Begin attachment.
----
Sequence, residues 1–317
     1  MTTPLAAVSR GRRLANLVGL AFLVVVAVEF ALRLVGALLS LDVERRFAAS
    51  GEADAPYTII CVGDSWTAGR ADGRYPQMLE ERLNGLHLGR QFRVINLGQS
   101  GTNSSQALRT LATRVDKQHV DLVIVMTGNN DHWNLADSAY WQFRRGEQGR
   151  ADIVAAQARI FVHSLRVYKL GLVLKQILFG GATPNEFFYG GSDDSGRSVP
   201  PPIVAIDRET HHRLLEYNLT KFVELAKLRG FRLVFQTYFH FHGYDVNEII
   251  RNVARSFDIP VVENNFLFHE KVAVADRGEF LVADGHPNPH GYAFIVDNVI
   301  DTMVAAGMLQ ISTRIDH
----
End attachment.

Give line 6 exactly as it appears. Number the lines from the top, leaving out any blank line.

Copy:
   201  PPIVAIDRET HHRLLEYNLT KFVELAKLRG FRLVFQTYFH FHGYDVNEII